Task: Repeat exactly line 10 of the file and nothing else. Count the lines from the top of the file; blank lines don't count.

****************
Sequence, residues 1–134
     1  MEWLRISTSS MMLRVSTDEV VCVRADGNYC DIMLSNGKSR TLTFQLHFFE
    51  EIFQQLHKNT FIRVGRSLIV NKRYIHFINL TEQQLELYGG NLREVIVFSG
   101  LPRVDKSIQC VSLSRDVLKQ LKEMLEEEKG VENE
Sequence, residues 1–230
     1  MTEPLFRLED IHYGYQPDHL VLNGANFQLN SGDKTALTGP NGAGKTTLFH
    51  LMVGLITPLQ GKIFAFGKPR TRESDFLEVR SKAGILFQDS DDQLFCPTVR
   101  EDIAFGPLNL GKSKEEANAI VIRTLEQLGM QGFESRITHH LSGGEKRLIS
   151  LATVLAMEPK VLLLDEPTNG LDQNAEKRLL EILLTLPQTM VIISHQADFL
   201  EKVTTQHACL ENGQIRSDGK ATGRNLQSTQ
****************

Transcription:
   201  EKVTTQHACL ENGQIRSDGK ATGRNLQSTQ